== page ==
Chest | Allergy & Immunology | Hodgkins disease (Disease)
Hodgkins lymphoma - formerly known as Hodgkins disease - is a cancer of the lymphatic system, which is part of your immune system.
In Hodgkins lymphoma, cells in the lymphatic system grow abnormally and may spread beyond the lymphatic system. As Hodgkins lymphoma progresses, it compromises your bodys ability to fight infection.
Symptoms may include painless swelling of the lymph nodes in the neck, armpits, or groin, fever and chills, night sweats, weight loss, loss of appetite, itchy skin.
Causes and Risk factors
The exact cause of Hodgkin’s disease is unknown. There are five types of Hodgkin’s disease - all among a group of cancers called lymphomas - cancers of the lymphatic system. The lymphatic system includes the lymph nodes (lymph glands), which are located throughout your body and are connected by small vessels called lymphatics. The spleen, thymus gland and bone marrow also are part of the lymphatic system.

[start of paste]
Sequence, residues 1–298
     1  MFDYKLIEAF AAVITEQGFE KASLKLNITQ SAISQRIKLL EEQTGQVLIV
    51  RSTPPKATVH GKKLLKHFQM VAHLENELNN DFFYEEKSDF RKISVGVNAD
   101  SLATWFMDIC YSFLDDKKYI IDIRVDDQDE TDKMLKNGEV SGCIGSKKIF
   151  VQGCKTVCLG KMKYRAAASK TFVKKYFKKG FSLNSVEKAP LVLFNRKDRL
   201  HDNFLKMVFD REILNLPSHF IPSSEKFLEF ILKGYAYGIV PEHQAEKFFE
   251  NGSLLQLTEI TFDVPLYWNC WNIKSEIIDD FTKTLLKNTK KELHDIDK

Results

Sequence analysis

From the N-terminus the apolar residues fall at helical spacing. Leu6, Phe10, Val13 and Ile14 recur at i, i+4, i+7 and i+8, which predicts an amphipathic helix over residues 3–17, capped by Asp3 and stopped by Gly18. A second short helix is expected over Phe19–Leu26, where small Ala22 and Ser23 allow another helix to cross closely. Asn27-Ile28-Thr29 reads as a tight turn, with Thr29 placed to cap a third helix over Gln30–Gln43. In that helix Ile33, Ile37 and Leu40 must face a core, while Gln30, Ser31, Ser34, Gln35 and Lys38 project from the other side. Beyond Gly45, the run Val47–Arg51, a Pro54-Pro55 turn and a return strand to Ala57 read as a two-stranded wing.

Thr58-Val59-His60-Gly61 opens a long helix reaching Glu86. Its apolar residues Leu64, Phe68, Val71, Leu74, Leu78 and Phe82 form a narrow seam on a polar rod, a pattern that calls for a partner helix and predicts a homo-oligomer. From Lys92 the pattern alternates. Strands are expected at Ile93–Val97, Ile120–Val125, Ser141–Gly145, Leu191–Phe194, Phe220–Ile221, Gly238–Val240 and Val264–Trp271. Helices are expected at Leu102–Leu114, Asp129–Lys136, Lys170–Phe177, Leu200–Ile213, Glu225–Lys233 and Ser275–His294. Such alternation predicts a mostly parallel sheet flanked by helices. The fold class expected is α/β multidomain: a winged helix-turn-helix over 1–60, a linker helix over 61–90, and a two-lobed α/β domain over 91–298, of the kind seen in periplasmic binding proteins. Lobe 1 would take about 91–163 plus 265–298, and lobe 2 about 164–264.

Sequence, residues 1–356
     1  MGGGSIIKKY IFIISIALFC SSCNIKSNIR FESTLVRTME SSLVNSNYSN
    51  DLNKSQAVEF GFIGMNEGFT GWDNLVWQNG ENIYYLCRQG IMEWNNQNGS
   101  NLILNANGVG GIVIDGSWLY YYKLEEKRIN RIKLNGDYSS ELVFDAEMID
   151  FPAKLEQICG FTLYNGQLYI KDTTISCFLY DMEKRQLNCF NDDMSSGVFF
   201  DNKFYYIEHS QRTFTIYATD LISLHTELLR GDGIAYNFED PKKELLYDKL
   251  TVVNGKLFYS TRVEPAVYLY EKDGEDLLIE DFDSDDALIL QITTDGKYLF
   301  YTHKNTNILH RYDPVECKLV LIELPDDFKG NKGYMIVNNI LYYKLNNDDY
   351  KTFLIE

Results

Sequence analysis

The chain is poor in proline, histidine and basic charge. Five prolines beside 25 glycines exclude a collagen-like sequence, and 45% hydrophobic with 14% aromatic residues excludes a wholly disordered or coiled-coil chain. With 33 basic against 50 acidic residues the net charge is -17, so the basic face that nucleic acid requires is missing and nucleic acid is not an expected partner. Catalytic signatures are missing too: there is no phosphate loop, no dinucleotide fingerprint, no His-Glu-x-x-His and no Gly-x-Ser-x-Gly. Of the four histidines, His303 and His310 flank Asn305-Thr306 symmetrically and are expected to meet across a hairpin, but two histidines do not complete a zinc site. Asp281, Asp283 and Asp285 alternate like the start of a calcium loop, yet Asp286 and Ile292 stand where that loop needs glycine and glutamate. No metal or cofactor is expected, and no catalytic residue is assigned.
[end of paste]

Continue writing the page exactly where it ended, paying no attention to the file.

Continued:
Hodgkin’s disease commonly begins in lymph nodes located in the upper part of the body. Some lymph nodes are in areas more readily noticed, such as in the neck, above your collarbone, under the arms or in the groin area. Enlarged lymph nodes in the chest cavity also are common. Hodgkin’s disease may spread outside your lymph nodes to virtually any part of your body.
Diagnosis and Treatment
Doctors can diagnose Hodgkin disease with a biopsy. Treatment varies depending on how far the disease has spread and often includes radiation therapy or chemotherapy. The earlier the disease is diagnosed, the more effective the treatment. In most cases, Hodgkin disease can be cured. ...